Cooking your hearty and tasty meals will be easier if you don’t have to switch cookware and utensils all the time. The best casseroles in the market should be flameproof off the box, which means that they can be placed on the stovetop and oven simultaneously with no issues in between.
Owning a flameproof casserole dish will lessen the need to transfer your pan-cooked dishes inside the casserole. However, this type of casserole dish is costlier than glass baking dishes. If you want an oven-proof and flameproof utensil, consider investing in iron-cast, glazed, and seasoned dishes across the market.
Can Casserole Dishes Be Used On Stovetop?
Not all oven-proof casserole dishes are flameproof. Suppose you own tempered glass or ceramic dishes. These bakewares could not be placed from a stovetop range—very few ceramic or glass dishes can be placed on direct heat. Bakeware is created safely on a range oven, wherein the high flames are not directly hitting the dishes.
Placing a casserole that is not flameproof could potentially disrupt completely and spill its contents. This is because your bakeware’s crystal structure will expand from the adjacent area away from the direct heat source, destroying its original composition to dissipate. This makes the glass or ceramic brittle enough to be broken.
This is also the same reason why the freezer-to-oven technique is not feasible for some oven-proof dishes. The rapid change of temperature can produce hairline cracks on your casserole dish.
Casserole dishes made of metal (like cast iron or seasoned casseroles) could be used on the stovetop and oven. Some enamel-coated ceramics have flameproof properties, which could avert your casserole dish from flouting.
To use your enameled casserole on the stovetop, make sure that your oven is preheated to prevent your stovetop from thermal shock.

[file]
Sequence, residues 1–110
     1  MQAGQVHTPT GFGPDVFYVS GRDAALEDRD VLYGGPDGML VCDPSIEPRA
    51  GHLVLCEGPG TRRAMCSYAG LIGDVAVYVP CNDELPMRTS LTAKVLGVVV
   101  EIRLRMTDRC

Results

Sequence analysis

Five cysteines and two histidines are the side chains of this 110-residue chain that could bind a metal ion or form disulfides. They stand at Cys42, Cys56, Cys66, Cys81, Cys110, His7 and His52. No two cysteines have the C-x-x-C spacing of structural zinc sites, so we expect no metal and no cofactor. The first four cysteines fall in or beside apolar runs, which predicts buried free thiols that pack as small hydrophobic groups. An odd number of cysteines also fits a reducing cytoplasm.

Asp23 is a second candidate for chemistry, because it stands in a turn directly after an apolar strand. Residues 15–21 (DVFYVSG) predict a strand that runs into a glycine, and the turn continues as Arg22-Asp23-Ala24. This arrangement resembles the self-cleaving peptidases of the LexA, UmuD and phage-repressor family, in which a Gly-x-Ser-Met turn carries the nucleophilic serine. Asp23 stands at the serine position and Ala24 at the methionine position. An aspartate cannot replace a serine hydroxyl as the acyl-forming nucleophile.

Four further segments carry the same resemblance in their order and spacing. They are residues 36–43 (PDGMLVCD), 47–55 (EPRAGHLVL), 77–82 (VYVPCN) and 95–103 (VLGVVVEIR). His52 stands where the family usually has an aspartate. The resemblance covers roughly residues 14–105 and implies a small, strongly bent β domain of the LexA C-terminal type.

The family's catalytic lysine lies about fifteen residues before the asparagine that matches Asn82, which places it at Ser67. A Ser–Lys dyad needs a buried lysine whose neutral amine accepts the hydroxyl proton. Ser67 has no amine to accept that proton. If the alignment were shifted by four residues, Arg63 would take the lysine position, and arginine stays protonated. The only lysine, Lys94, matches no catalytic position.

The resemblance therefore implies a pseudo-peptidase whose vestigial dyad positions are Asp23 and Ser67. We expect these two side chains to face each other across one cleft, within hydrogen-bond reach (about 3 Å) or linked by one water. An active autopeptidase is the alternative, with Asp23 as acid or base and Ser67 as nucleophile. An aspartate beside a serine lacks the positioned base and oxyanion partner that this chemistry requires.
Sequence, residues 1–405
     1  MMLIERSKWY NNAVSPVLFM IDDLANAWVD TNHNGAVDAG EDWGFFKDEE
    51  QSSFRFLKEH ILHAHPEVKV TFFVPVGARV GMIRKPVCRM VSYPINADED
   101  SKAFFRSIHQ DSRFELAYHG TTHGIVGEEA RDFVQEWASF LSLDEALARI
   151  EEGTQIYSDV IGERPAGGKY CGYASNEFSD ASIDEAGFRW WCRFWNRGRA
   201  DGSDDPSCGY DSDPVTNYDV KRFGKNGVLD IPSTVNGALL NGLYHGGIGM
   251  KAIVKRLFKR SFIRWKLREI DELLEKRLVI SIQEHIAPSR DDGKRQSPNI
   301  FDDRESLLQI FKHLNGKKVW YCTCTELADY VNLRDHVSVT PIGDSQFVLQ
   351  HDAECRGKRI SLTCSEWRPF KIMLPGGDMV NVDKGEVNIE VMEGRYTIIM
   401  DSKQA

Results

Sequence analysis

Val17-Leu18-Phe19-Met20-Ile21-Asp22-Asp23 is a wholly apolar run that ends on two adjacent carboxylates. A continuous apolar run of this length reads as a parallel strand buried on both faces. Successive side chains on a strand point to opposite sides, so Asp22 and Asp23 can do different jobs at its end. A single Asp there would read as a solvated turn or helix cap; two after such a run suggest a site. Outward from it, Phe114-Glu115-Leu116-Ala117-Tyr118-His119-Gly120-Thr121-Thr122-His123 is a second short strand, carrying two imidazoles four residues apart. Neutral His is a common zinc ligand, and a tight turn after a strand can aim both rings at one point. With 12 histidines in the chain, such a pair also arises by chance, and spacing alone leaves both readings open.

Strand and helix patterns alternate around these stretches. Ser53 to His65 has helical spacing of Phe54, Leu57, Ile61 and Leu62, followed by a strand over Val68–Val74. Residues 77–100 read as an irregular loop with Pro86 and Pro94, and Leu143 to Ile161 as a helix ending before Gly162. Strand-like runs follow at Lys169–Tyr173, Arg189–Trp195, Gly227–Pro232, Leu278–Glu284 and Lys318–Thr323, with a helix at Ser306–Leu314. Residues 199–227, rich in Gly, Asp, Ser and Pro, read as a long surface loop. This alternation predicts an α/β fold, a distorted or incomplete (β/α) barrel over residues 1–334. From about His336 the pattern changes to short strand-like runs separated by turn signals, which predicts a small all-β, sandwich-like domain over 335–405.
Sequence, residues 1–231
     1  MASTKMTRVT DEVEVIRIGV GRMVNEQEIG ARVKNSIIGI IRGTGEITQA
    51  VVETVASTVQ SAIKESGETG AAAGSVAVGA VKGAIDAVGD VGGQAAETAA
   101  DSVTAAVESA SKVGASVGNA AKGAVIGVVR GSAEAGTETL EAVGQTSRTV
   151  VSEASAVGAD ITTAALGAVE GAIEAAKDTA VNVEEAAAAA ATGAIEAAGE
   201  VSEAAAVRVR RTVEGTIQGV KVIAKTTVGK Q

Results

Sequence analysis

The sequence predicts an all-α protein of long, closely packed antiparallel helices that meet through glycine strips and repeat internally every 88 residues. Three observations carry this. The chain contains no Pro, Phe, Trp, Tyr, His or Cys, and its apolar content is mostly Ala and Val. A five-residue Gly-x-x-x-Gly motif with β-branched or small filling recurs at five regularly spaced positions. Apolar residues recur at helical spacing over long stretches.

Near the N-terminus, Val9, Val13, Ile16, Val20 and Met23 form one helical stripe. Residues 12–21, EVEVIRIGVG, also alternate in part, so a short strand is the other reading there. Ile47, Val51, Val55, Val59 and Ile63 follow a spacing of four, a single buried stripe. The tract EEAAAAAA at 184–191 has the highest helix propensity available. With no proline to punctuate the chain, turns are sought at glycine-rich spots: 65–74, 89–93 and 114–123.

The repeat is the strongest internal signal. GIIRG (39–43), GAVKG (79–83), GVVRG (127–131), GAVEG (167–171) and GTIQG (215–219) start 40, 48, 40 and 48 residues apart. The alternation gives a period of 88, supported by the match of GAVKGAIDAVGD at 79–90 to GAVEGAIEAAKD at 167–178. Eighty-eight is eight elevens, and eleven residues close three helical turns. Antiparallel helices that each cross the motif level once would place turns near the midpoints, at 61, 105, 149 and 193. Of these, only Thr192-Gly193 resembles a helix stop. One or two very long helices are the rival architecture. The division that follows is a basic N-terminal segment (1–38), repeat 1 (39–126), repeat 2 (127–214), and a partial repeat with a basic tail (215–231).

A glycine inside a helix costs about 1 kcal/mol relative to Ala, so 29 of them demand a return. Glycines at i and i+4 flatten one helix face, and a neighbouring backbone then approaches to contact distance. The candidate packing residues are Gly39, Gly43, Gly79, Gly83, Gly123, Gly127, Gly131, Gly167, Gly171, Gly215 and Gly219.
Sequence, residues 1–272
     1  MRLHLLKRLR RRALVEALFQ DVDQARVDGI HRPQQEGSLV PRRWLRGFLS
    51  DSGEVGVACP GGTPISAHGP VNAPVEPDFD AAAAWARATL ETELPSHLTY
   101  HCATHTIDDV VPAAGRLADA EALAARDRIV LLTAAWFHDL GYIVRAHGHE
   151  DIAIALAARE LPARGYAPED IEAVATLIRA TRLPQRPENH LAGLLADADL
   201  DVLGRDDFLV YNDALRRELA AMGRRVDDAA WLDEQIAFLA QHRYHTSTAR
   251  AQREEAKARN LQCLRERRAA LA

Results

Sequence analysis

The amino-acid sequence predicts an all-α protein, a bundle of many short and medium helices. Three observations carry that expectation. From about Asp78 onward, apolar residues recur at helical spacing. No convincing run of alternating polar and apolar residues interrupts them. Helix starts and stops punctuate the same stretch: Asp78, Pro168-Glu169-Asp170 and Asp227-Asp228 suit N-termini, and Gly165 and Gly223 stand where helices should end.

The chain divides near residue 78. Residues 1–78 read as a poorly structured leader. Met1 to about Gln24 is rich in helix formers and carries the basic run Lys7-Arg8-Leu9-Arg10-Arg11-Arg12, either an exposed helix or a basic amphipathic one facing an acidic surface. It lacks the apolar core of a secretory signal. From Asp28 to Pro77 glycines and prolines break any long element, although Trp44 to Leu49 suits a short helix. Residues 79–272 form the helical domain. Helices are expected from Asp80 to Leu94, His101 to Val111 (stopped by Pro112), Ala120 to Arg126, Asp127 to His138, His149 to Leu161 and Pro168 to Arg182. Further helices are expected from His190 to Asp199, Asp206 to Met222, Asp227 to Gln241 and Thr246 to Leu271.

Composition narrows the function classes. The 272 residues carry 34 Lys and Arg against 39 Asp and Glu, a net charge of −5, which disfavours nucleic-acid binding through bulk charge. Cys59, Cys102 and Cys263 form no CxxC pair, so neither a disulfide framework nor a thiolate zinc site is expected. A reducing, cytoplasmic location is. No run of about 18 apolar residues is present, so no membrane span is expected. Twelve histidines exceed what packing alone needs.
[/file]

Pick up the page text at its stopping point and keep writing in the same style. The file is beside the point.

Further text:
Is A Pyrex Casserole Dish Flameproof?
Pyrex, known for its varied collection of casserole dishes, bowls, and measuring cups, is all oven-proof. The Pyrex casserole dish should not be placed on top of any stove, induction cooker, and direct heat. If your recipe calls for heating the food on the stovetop before placing it in the oven, consider using separate pots or pans for cooking your dish before finally placing it inside the baking dish.
Borosilicate glass, which Pyrex manufacturers in Europe use, is a flameproof material. The silica found on this Pyrex casserole dish could endure direct heat easily. Pyrex manufacturers in the United States use common soda-lime glass, which is oven-proof but not flameproof. Soda-lime glass is highly sensitive to thermal shock, making it prone to breaking when used on a stovetop.
If you are unsure which country your Pyrex casserole dish is made of, you can test it by gradual cooking. Place your Pyrex on a low flame for 30 seconds. If you hear a crackling sound, turn off your stovetop and remove your casserole dish immediately. Please do not place your flamed casserole dish on cold water, for it can be crack immediately. If there’s no crackling sound produced, proceed by placing your ingredient. Make sure that your ingredient is under room temperature and not freezing or cold. The sudden change of temperature could instantly turn your Pyrex casserole into pieces.